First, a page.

Kirk and I are the first to board the plane. Oh, I guess that means we'll be the last ones out. In all, there are five tandem pairs and three video heads on our flight.

I'm seated next to the pilot, so I alternately enjoy the scenery outside and examine the altimeter as we climb to jump altitude. Kirk reviews instructions with me and attaches our harnesses. The view is terrific. The valley below, the Monterey peninsula and bay, and the peaks of the Sierras in the distance are all easily seen. Still I am feeling no nervousness or anxiety. Rather, I am feeling very prepared mentally. I seem to be blocking out any cognitive realization of what's about to happen.

After a flight of around fifteen minutes we reach our altitude of about 14,000 feet and there begins a flurry of activity as the door is removed and the jumpers begin making their way out. It is quite a sight to witness people expelling themselves from the plane and then feeling the plane rock slightly and then stabilize as they do so. More eerie, was my feeling of being the last to go, seeing an empty space which moments before was crammed tight with people.

We're up. My video person pivots about the door opening and hangs on to the side of the plane. Kirk and I, with me in front, are squatly shuffling our way toward the door. And there I am, in the doorway, looking down in near disbelief and feeling quite unnatural being so exposed to the open air this way, the wind howling by. There's no time to consider any of this, though, since with a quick shove we are out and on our way.

As I had been prepared for, there was really no sensation of falling that I felt. What it seemed like to me was diving with a gasp into a very deep swimming pool, the wind being like the water as it rushed across my face and up my nose.

Following the exit I managed to take the proper arched position with my legs bent back and my hands out in front of me as I enjoyed the flight of freefall. I use the word "enjoyed" with a bit of ambivalence. What I really felt was sensory overload. One moment I found myself concentrating on the scenery, the next moment on my posture, the next moment simply amazed at where I was. I was in brain fibrillation. And then, my video person swooped in for a close up. Cool. I attempted to wave and smile, but it just isn't that easy when you're going over 100 miles an hour with your cheeks flapping in the breeze.

The signal tap on my shoulder went unnoticed as I suddenly felt a rocking instability and got a little worried before I realized that the canopy had been deployed. We were now floating upright and all was quiet and peaceful. Wow. Kirk loosened up and re-adjusted our harness setup and I was more or less in a sitting position with the harness now supporting my legs. From here we were going to drift slowly back to the ground. I had no idea where we were headed and it never occurred to me to even think about it as I was still in a state of utter astonishment.

At this point I took the control lines and learned how to steer left and right by pulling the alternate lines. As I had no idea where we were going, I just took instructions to go left or right. Also, along the way we paused to practice the flaring maneuver for landing which, again, I was going to be responsible for carrying out. This was pretty wild. It was like putting on the brakes in mid-air. I did that a few times and then we continued to work our way down.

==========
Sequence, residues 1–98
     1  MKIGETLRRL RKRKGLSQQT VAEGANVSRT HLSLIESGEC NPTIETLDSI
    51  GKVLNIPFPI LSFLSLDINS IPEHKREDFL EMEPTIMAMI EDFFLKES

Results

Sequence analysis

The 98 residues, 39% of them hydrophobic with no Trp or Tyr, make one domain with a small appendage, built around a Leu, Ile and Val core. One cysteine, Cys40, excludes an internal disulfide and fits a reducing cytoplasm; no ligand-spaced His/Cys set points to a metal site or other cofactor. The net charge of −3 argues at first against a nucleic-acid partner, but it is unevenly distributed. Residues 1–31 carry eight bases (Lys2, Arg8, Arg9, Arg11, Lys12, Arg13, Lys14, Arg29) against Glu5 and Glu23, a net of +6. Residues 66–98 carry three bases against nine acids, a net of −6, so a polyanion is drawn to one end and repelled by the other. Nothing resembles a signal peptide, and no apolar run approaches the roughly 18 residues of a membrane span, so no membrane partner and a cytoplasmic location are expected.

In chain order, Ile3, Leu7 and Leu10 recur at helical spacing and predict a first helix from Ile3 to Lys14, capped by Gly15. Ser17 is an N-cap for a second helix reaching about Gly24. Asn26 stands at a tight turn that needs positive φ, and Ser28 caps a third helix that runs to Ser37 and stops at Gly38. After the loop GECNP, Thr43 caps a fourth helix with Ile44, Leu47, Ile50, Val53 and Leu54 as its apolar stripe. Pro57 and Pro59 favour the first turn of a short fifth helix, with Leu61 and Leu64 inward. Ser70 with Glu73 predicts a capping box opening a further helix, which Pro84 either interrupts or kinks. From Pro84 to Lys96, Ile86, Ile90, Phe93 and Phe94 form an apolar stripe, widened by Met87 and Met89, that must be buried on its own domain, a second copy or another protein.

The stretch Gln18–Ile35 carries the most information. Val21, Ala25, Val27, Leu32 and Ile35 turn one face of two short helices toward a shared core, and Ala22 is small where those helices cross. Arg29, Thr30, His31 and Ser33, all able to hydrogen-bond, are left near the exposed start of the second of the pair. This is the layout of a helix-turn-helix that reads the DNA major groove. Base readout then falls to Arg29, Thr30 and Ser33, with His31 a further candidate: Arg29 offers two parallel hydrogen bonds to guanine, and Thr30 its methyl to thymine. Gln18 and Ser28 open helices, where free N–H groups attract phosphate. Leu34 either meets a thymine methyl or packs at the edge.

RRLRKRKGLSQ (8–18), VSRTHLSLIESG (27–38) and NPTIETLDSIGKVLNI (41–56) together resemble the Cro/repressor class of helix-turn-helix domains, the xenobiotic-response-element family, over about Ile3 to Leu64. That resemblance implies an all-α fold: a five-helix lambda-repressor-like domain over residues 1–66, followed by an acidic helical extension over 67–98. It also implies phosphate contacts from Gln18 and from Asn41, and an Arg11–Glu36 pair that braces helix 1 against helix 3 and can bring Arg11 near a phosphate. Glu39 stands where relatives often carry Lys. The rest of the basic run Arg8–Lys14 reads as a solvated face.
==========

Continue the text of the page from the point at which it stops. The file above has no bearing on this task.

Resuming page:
For the first time I became aware of the other jumpers from my flight who were now below us. Still, it was all very dreamlike and it was difficult to control where my attention was. Everything was a distraction to my mind. And then I realized that my arms were getting not only tired from holding on to the control lines, but they seemed to be getting numb. I hung in there as well as I could but needed some help with steering.

As the ground began to work its way up toward us, I prepared for our final approach and was pleased to see that we were headed right for a painted plywood target directly in our path. I'm not sure if there was any real significance to that, but I gave it some anyway. Kirk gave me the command to flare and I pulled on the control lines to bring us in for a soft landing. We were down.

Our harnesses were disconnected and I stood up with a smile and a sense of accomplishment and wonder. I exchanged high fives with one of the other first-timers in my group and gazed into the sky knowing that I would forever see it in a very different way.

We loaded up into the van for the ride back to the airport and it was only then that I reflected and thought to myself, "Hey, I did it."

So, was it everything I expected and wanted it to be? The answer is mixed. In reality it was all an experiment and, while I liked it and I'm glad I did it and I would enthusiastically recommend it, it didn't turn out to be something that I felt I needed to make a regular part of my life. I don't plan to go through certification training. That's okay, though, since it's all part of the discovery process and because I now have an appreciation for skydiving that allows me to relate to those who do make it a part of their life. I have spent a precious few moments off of Whuffo status.

As I think back on the experience and as I review my video with its Toad the Wet Sprocket soundtrack, the feelings I get are of fondness and affection. Those feelings surprised me at first, but they make a lot of sense now. I think you have to jump to know what I mean.

I went skydiving. It was a thrill. It was a personal challenge. Ironically, but true to form, the big party on the Saturday night of my jump was cancelled. My new conversation starter had to wait. It's okay, though, I'm contented.

ParachuteBlue skies always.


Copyright © 1997 Marc D. Weinshenker. All rights reserved.